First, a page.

I don’t eat jelly straight up, or even on toast, but I do make a kickass jam tart, which requires me to amass a lot of interesting candidates for the jam layer—thus, this veritable Notre Dame rose window of sugary tart bliss.

Wednesday, October 10, 2012

Pollo de Janeiro

As you can see, my contribution to urban planning so far consists of a slum in my back yard known as Pollo de Janeiro, because, as my daughter said, we have individuals equal in the eyes of God living side by side, some in splendor and some in squalor. Appropriately enough by international standards, the mansion belongs to Paco Negro, aka Paco Tercero, the deposed former benevolent dictator of the henhouse, who was run off a couple years ago by the younger roosters and had to go into the Rooster Protection Program (RPP) because nobody would let him back in the barn, so he was standing miserably in the rain at the foot of the barnyard, looking to die of exposure. I like Paco, and as I said he was a nice, gentle rooster with beautiful feathers, so now he has his own coop, where he goes by the RPP cover identity of Brewster Rooster. His neighbors believe him to be a New England native of a family rumored to have been represented on the Mayflower, but they understand that he could not have retired this early unless he had hit it big in Silicon Valley, which they assume accounts for the wild feathers. California, don’t you know. It’s going to fall into the sea some day.

So a week or two ago we moved the range pen, which is that flat-topped item next door, from the barnyard to the back yard so I could keep an eye on a hen who had gotten a late notion to sit on a clutch of eggs. It was necessary to remove her from the barn because That Black-Hearted Bitch of A Black Hen (who murdered the one and only chick of the little English hen earlier this summer) had moved back into the barn with her seven thriving adolescents, and there was no way I was letting anybody hatch out new chicks in her homicidal vicinity. So the single mom moved into the range pen.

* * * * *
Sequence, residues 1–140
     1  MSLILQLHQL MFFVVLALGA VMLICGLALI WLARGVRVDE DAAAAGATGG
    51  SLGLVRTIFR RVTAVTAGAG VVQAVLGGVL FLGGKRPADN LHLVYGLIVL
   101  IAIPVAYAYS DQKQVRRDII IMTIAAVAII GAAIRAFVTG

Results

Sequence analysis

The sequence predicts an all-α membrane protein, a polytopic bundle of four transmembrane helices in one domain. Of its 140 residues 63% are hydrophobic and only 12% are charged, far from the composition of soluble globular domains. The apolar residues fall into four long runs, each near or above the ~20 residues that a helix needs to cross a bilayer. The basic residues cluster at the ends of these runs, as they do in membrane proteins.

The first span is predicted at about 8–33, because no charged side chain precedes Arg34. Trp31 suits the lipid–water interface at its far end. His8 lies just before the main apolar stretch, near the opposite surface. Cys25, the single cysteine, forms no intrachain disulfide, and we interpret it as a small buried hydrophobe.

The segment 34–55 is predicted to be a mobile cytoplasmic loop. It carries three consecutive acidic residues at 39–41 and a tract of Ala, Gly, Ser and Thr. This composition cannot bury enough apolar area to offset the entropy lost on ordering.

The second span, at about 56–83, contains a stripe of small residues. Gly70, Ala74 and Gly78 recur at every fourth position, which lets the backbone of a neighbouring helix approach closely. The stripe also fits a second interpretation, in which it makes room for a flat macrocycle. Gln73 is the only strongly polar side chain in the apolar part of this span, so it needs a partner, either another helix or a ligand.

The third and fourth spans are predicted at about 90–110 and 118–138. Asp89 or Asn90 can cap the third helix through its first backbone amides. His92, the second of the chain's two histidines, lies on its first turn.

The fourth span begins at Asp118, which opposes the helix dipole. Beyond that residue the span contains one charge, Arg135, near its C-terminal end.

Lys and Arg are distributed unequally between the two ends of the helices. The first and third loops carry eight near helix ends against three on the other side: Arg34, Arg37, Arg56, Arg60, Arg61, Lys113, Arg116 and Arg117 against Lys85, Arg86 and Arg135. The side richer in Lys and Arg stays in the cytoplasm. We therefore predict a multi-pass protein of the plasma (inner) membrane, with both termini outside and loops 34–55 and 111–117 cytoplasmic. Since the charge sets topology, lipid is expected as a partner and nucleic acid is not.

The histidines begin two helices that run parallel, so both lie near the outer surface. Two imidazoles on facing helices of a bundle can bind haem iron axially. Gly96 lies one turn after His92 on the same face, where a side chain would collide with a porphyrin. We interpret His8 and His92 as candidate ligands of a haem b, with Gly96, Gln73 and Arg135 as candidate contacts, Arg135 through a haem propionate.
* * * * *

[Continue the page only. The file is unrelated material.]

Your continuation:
Where, I am sorry to tell you, she leapt straight off the nest she had been sitting on for 2 weeks and began clucking and running up and down inside the screens, provoking the ire of the corgis, who made everything a hundred times worse by running up and down outside of the screens, barking their fool heads off.

Suffice it to say there will be no more baby chicks at Wren Cottage this season.

This is good news in a number of ways, because in addition to not wanting to worry about new babies in increasingly cold weather, this development also opens the door to a new autumnal activity: slum clearing. This repressive, CIA-backed zealot—it’s true, the CIA leaves peanut butter sandwiches in my mailbox every day—is going to brutally and without compassion move the empty range pen back into the barnyard for next year’s baby chicks to live in, as soon as I can conscript some teenagers to carry it.

The corgis may die of boredom, but I am a brutal zealot, so whatevs.

Tuesday, September 25, 2012

Harvest Home

Is there anything in the world more gratifying than getting rid of crap you should have gotten rid of years ago? John secured a Dumpster for me last week, and I spent seven glorious days throwing away the moldy; the mouse-eaten; the things that didn’t work out the first time so I have been saving them for twenty years in order someday to fix whatever the problem was; the bits and bobs of stuff that would have been perfectly usable if only they were attached to some other bit or bob that does not exist here or perhaps anywhere on the planet at this point, since these B&B were so very, very old. And how about the things that were broken or damaged because of some stupidity on my part—how long must one store those? Forever? In case one of the B&B happens to be just the thing you would need to fix that broken or damaged object if one ever somehow had the time and energy to do that? So you could then have a mended old piece of crap that you have been living without all these years while it was awaiting fixing?